What an amazing athletic machine is the horse. Few other animals of similar size and bulk manage to move with such efficiency, grace, and sheer speed. But despite our having worked side by side for centuries, there's still much we don't understand about a horse's inner workings.

Take the guttural pouch, for example. It's a strange, fist-sized cavity high up in the horse's skull, slightly behind his ears. Officially, it's an "outpouching" of the eustachian tubes (the passageway that takes in soundwaves from the ears), which drains just behind the nasal septum. Technically speaking, there are two guttural pouches, separated by a thin membrane--one for each eustachian tube--but for the most part they're referred to as a single structure. All the guttural pouch seems to hold is air--about 300 to 500 ml worth on each side.

We know that all horses have a guttural pouch, and some of their distant relations have a smaller version of the same structure (rhinos, tapirs, and hyraxes--those little short-eared mountain rabbits). We know that very few other animals have anything similar. But until very recently, we didn't know why they existed.

Various fanciful functions for this big air space have been proposed over the centuries--a resonating chamber for the equine whinny, perhaps? A mechanism to help horses swallow? An air pressure regulator for the ear drum? A hearing aid? But basically, it seemed the guttural pouch's raison d'etre was to be the equivalent of the human appendix--an apocryphal structure whose main function was to cause trouble. As anyone who has struggled with respiratory disease in his barn knows, the guttural pouch is a prime site for stubborn infections, either bacterial or fungal, which can cause persistent drainage of gunk from one or both nostrils. On occasion, the guttural pouch can suffer from a condition called tympany, in which it overinflates with air. (This happens most often with foals, who end up looking like chipmunks storing nuts for the winter.) It's also prone to hemorrhages from the internal carotid artery, which runs for about 10 cm through the thin mucous membrane of the guttural pouch on its way to the brain.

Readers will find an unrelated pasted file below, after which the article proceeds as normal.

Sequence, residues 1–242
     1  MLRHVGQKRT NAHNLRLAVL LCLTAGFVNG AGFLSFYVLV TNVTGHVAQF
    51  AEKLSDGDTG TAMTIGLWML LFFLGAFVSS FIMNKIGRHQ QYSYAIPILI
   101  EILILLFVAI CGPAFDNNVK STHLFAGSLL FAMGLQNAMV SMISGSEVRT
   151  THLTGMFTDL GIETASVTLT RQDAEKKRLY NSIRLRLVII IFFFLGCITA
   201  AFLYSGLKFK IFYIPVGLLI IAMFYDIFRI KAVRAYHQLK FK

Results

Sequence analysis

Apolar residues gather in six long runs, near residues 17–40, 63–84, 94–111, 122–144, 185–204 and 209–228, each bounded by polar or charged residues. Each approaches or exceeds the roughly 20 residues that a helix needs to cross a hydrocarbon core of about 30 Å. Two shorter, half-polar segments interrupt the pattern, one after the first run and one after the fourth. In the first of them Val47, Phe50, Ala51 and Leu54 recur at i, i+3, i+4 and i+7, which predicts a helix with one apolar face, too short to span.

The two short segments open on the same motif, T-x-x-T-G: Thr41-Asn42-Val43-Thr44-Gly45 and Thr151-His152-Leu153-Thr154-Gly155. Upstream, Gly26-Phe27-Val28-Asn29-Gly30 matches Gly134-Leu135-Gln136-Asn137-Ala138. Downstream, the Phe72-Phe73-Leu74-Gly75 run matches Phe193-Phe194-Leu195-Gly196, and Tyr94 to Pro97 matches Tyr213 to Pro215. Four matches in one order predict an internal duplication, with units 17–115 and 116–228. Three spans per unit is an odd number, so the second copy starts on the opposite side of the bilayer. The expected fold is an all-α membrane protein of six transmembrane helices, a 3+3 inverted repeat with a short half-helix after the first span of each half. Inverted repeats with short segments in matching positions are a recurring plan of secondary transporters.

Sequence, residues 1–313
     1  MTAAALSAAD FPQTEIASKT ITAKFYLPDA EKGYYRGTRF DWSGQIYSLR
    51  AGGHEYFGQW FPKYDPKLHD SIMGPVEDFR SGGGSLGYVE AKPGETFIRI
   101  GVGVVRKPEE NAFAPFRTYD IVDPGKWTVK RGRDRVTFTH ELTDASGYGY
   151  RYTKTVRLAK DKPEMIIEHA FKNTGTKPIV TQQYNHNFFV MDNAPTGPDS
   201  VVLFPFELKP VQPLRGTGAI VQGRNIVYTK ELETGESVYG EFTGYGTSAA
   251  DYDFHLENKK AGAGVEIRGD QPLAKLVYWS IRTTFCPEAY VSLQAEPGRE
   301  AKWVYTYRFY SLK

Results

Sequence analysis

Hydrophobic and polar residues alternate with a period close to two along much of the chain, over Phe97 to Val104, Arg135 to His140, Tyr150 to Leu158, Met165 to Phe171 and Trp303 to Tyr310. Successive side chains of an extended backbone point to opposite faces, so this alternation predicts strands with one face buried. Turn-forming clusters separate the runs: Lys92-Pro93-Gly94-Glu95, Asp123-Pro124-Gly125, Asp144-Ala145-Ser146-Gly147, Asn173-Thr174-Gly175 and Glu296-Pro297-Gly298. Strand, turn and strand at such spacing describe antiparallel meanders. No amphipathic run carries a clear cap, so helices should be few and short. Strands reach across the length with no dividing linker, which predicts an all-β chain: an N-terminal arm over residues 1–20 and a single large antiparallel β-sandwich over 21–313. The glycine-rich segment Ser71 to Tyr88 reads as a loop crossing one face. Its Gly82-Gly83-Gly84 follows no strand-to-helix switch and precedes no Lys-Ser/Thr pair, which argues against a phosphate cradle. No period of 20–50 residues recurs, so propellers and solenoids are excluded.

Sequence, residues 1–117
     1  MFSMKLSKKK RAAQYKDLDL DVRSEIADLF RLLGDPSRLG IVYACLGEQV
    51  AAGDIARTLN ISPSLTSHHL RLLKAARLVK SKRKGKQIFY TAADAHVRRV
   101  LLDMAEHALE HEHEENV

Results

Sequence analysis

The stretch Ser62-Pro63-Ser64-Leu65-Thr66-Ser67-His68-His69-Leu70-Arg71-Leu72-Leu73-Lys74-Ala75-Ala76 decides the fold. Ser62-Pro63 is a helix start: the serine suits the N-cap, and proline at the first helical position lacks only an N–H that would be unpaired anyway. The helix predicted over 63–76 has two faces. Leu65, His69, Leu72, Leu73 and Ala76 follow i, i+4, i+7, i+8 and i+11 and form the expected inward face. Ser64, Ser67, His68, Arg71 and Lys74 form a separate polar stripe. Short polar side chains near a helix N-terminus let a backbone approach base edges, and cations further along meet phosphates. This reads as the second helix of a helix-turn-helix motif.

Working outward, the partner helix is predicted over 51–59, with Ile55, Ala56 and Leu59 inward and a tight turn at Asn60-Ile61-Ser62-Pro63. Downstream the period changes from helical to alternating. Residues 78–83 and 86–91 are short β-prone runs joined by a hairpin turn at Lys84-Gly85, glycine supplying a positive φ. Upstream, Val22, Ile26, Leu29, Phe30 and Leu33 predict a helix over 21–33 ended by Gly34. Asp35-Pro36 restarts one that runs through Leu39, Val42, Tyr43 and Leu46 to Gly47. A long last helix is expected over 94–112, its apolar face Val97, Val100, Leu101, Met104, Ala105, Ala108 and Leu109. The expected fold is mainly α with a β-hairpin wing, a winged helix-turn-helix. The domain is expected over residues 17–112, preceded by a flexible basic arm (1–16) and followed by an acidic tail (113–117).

Here's another mystery for you. As an animal with a lot of bulk and a proportionally small surface area, the horse generates a lot of body heat when he exercises, and has more trouble than most animals in getting rid of it. Sure he sweats, and that mechanism does a pretty good job of radiating excess heat. As the sweat evaporates on his skin, it provides a cooling effect. But in extreme conditions, or when a horse is really exerting himself to the max, sweating might not be enough.

At times like that, the temperature of his muscles can rise by more than 5° C (9° F) from their usual 38° C (100.4°F).

Most internal structures operate well only in a very narrow temperature range, and when they heat up past a certain point (a condition called hyperthermia), they cease to function at peak efficiency. The real danger is that one of the most heat-vulnerable structures is the command center, a.k.a. the brain.

An overheated brain begins to short-circuit--and when it no longer sends clear signals to all of the other body systems, they begin to fail. So, needless to say, it's important to keep the brain cool and thinking clearly.